Amid Chelsea Exodus, Bortolami to Relocate to Tribeca in 2017

The gallery building in Chelsea will be redeveloped into condos.

Bortolami's new space at 39 Walker Street. Photo: courtesy Bortolami, New York.

Bortolami is the latest gallery to leave the Chelsea arts district amid rising rents and construction. The gallery, owned by dealer Stefania Bortolami, confirmed on its website that it will relocate downtown to 39 Walker Street in Tribeca in April 2017.

After spending six years on West 20th Street, Bortolami says she is relieved to leave the area behind. “I’m pretty happy to be going away from Chelsea,” she told Art News. This whole block is going to be torn down to become condos—it’s insane. Not only here, but every block. They’re tearing down, tearing down. It’s changing very, very rapidly.”

According to the gallerist, she will pay the same rent for the larger, 9,000-square-foot space downtown. “It’s exciting,” she continued. “From the point of view of a gallery like mine, it makes no sense anymore to stay here.”

Art News’ report suggested that Bortolami’s move may have been involuntary. The gallery’s building at 520 West 20th Street has reportedly been earmarked for redevelopment into condos.

Bortolami's Chelsea space at 520 West 20th Street. Photo: Bortolami via Facebook.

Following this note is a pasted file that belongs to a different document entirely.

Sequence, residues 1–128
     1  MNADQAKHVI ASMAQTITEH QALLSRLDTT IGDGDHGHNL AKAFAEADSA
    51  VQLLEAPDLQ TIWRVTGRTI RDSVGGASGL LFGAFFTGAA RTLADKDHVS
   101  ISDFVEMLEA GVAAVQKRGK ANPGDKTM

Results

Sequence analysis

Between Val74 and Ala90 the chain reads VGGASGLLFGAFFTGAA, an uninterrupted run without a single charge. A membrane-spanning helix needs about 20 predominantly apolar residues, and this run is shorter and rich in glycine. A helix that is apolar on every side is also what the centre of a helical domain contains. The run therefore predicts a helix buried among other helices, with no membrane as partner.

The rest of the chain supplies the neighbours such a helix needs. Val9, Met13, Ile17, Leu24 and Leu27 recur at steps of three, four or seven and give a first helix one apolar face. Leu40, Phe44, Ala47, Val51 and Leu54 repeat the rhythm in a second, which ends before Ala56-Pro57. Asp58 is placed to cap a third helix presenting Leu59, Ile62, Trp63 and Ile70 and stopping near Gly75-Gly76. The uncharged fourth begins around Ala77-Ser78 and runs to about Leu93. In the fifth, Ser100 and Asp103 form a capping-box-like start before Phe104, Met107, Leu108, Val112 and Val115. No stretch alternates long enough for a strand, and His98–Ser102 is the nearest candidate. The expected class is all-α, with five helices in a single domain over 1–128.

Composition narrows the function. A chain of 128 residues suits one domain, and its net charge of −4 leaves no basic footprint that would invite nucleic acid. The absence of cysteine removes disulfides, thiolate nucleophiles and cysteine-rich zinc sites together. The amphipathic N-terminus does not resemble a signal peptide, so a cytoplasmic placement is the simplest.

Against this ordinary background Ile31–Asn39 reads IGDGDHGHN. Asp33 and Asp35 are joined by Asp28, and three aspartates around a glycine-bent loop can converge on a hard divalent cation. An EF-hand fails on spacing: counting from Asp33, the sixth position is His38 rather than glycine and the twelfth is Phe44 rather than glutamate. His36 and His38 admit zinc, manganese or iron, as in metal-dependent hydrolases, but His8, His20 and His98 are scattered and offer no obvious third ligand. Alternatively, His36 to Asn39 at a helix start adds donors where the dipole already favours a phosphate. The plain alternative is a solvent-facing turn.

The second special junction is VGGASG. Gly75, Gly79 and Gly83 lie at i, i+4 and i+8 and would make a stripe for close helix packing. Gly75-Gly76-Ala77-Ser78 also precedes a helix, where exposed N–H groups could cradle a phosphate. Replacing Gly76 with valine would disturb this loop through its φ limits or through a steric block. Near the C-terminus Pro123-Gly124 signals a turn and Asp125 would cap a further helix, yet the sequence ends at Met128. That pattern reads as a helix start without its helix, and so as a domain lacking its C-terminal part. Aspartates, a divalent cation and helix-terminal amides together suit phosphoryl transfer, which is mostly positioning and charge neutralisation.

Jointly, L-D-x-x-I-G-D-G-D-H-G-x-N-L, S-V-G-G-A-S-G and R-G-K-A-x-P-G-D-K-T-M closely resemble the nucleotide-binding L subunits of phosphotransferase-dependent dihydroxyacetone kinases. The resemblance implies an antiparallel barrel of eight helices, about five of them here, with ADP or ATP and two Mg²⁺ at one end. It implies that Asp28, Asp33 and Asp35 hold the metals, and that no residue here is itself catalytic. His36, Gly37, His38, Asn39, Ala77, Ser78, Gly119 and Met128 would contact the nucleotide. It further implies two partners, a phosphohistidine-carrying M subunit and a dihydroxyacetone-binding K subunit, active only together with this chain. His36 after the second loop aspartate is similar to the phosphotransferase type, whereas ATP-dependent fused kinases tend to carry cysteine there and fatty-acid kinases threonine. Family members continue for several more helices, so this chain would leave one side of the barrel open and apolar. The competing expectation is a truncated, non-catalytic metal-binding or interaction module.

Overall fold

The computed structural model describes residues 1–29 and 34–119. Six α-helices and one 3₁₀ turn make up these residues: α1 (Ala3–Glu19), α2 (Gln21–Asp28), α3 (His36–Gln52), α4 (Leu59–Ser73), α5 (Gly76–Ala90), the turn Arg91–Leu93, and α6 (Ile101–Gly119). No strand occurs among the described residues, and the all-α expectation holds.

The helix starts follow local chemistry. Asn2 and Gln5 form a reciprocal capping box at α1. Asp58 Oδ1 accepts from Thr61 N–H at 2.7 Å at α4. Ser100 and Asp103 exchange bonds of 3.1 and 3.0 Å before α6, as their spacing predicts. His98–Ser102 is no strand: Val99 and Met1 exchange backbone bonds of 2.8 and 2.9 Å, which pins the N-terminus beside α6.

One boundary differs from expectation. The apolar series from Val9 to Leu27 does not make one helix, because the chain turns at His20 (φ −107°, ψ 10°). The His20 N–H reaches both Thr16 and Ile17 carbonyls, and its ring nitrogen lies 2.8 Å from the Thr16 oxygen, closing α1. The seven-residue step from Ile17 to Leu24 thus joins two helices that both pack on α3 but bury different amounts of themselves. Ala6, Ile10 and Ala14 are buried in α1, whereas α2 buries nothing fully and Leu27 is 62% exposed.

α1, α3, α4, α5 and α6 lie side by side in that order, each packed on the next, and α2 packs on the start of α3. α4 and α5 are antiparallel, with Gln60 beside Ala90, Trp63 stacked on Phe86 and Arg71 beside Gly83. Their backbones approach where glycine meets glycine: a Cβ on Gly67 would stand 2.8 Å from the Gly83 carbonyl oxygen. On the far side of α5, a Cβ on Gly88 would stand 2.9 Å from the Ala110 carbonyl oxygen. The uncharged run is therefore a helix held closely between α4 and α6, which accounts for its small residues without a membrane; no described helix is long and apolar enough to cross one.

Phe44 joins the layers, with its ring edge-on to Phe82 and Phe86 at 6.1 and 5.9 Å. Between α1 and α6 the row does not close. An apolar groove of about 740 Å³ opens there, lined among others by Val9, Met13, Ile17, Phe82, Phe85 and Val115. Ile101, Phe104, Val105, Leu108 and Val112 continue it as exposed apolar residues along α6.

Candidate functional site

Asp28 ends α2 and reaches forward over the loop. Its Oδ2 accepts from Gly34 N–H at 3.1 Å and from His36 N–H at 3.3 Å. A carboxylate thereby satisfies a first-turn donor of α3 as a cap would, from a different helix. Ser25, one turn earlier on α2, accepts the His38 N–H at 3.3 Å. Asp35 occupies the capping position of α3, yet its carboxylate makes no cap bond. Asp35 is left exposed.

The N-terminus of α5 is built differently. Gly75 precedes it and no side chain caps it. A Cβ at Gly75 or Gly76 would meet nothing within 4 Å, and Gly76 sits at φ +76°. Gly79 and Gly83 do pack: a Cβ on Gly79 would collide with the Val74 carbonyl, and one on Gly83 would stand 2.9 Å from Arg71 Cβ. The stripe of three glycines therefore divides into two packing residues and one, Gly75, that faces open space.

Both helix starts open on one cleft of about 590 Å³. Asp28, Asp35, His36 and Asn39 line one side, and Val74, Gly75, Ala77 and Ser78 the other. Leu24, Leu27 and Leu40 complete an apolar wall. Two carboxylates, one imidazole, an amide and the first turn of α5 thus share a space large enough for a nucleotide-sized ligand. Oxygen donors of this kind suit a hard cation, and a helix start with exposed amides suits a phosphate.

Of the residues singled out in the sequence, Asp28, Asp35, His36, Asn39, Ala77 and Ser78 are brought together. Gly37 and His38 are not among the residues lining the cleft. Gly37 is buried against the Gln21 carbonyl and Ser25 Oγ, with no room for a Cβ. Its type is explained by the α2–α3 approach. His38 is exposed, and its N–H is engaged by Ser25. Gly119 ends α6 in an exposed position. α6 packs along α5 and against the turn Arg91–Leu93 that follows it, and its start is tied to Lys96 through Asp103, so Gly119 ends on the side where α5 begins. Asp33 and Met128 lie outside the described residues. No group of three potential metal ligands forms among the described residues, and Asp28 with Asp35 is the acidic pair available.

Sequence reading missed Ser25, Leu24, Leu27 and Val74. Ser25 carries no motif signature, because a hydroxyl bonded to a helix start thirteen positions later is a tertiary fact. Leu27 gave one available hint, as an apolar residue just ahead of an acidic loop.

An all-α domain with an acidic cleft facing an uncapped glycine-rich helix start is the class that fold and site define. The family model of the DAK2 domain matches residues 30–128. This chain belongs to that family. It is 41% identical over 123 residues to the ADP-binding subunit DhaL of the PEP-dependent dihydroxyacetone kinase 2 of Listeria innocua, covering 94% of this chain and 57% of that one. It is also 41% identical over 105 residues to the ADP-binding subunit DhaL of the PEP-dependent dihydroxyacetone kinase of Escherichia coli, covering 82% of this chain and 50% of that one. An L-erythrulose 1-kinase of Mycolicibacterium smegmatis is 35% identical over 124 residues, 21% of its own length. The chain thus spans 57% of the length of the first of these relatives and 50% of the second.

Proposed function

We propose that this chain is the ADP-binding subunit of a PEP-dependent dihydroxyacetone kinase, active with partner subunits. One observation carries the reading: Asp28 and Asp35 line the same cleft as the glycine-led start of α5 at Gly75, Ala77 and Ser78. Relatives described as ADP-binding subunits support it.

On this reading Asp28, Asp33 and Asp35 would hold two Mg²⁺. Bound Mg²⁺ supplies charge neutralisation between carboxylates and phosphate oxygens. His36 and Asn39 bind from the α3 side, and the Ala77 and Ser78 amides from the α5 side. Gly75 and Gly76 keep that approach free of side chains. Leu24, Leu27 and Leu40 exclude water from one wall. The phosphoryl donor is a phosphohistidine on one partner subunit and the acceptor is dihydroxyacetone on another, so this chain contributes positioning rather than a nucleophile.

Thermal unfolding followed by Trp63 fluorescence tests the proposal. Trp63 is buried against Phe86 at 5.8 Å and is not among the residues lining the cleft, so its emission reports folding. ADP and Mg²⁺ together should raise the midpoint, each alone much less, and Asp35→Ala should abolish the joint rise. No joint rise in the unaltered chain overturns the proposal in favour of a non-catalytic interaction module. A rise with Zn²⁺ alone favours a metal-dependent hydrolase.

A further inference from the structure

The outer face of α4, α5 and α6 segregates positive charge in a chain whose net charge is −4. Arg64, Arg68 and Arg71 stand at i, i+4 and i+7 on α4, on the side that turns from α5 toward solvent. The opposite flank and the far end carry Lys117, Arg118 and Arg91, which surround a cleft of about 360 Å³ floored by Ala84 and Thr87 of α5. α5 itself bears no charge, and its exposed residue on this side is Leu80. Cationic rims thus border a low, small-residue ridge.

Bortolami’s Chelsea space at 520 West 20th Street. Photo: Bortolami via Facebook.

More and more galleries face a similar fate and are gradually moving away from Chelsea, the nucleus of New York’s vibrant art scene. After a first wave of relocations to Manhattan’s Lower East Side around 2007, a second wave is currently in full effect. In fact, Bortolami’s block on West 20th Street has already lost Alexander and Bonin, which relocated to Tribeca; Elizabeth Dee, who moved to Harlem; and it will soon lose Anton Kern, who will move to Midtown.

Meanwhile, Mike Weiss Gallery recently closed shop, citing a long-running dispute with construction workers next door to the gallery’s space on West 24th Street.

With its industrial architecture and wealthy residents, Bortolami believes that Tribeca could become a future destination for New York galleries. The area is already home to the likes of Kate Werble Gallery, Maccarone, Alexander and Bonin—and as of April 2017, Bortolami.

“I think there will be a few more people,” the gallerist predicted. “I know there are some galleries that need to move from Chelsea.”


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